After the seminal report of Henneberg and Koch [38, 83] of bilateral acoustic neuromas, the next two decades saw a multitude of reports describing similar findings: this expanding phenomenon was likely due to the flurry of activity in the emerging field of neurosurgery [1, 83]. After Victor Horsley’s first successful removal of a spinal tumour in 1887 and his subsequent animal experiments and cranial operations in humans, there was a new impetus for the clinical diagnosis of tumours of the central nervous system, as surgical therapy became a viable therapeutic option. Over the turn of the century, a number of neurosurgeons started to attempt surgical removal of cerebellopontine tumours, including Ballance in 1894 (who successfully extirpated a tumour later believed to be a cerebellopontine mass) [18, 83], Annandale in 1895 (who removed a tumour—likely a fibro-sarcoma—causing deafness, vertigo and frontal headache) [1, 31] and Garre in 1903 (who failed to remove a bilateral acoustic neuroma found intraoperatively and recorded, at autopsy, “widespread central neurofibromatosis”) [1, 27, 83]. During that period, Fraenkel and Hunt [1, 24, 83], working at Cornell University in New York, described a patient with bilateral acoustic neuromas and echoed the prevailing sentiment that all neuromatous tumours, central and peripheral, were an expression of the same pathological process. Neurofibromatosis was, at that time, by definition, “the formation of one or more tumours in one or more cerebrospinal or sympathetic nerves” [1]. They noted that acoustic nerves were not immune (as previously thought, paralleling the histology of the 1st and 2nd to the 8th cranial nerves) from the occurrence of neurofibromas and reaffirmed the concept that patients with multiple intracranial tumours were classified under the separate (but related) category of central neurofibromatosis opposed to the syndrome of neurofibromas of the skin, cerebrospinal nerves and sympathetic nerves, which was termed general neurofibromatosis. Individuals with central neurofibromatosis had their peripheral signs “masked” by the occurrence of intracranial tumours. Such explanation was echoed, in one form or another, in all reports during this time and was also coupled to moral characters typically belonging to the spectrum of neurofibromatosis, including mental impairment, imbecility and somatic stigmata of degeneracy (e.g. homosexuality), all suggesting the teratologic nature of the disease [1, 24]. Notably, in the same period, Biggs [5], by reporting the post-mortem examination of a patient with bilateral acoustic neuromas, noted that “the largest acoustic tumour was on the side of the least marked clinical deafness”, thus first introducing the concept of clinical vs. anatomical discrepancy in acoustic neuromas.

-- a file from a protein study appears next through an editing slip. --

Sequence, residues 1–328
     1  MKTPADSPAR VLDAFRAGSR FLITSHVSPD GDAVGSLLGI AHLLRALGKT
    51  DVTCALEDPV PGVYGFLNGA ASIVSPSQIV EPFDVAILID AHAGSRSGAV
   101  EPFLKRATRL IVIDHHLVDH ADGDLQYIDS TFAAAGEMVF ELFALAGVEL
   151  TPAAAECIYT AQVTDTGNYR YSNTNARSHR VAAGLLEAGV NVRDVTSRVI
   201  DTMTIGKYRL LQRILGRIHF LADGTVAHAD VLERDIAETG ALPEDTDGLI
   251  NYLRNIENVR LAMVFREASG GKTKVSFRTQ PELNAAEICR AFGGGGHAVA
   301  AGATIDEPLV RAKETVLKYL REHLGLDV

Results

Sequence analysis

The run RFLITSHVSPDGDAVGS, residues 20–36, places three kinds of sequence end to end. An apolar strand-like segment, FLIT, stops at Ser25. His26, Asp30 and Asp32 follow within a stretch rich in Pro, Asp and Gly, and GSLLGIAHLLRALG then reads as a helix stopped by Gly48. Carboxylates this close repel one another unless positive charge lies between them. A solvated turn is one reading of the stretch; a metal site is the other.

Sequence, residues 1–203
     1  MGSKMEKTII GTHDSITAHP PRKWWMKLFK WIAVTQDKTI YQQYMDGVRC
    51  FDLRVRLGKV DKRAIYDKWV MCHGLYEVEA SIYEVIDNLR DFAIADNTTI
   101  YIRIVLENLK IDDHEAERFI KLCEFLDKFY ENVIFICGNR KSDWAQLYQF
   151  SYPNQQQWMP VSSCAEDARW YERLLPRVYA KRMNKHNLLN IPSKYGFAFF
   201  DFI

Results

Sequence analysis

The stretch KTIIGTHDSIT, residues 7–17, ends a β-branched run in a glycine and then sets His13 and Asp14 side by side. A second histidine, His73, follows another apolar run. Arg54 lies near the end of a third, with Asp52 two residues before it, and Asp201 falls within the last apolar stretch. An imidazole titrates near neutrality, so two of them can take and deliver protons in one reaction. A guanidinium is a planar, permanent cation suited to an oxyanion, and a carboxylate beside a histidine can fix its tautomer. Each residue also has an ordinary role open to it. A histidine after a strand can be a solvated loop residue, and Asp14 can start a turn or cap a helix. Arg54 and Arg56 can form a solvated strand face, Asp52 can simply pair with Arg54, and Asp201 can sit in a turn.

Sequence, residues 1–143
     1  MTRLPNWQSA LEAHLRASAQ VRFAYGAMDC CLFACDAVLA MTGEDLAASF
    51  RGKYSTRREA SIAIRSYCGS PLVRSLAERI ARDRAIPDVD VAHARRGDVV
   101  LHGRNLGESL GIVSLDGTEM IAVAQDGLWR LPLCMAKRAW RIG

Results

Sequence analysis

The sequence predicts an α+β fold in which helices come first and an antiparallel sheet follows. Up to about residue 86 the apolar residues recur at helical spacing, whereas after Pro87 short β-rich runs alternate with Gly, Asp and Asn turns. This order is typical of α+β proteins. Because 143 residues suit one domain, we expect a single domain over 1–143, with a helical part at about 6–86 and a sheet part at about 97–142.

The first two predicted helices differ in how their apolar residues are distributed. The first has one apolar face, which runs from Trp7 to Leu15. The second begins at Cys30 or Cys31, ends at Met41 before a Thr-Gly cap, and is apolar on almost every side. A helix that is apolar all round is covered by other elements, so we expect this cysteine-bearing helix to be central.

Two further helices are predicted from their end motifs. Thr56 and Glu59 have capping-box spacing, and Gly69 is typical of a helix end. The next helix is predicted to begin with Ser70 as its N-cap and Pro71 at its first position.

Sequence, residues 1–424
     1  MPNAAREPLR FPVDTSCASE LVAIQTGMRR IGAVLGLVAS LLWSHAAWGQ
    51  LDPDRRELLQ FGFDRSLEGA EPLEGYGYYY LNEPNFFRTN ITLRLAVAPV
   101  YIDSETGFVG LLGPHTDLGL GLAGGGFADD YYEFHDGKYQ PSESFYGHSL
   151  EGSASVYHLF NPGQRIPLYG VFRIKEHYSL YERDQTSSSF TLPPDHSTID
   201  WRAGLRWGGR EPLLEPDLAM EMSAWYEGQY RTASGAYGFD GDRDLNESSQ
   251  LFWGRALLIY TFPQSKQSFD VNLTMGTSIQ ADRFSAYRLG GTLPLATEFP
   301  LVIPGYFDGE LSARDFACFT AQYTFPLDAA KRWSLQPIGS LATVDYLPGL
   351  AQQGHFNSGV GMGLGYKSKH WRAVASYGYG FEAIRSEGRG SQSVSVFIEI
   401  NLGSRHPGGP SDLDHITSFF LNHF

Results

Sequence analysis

The Uruguayan pathologist Jose Juan Verocay (1876–1927) (Fig. 8), in 1910, analysing four isolated acoustic neuromas, first understood that these tumours, differently from von Recklinghausen’s neurofibromas, derived from neoplastic sheaths of undifferentiated neurocytes, capable of giving rise to Schwann cells, with nerve fibres traversing the tumour and essentially corroborated Sternberg’s hypothesis that Schwann cells were intimately involved in neuroma formation: he suggested the controversial name of “neurinoma”, meaning nerve fibre tumour, in contrast to von Recklinghausen’s “neurofibroma” [1, 83].
Fig. 8

Photograph of the Uruguayan pathologist Jose Juan Verocay (1876–1927)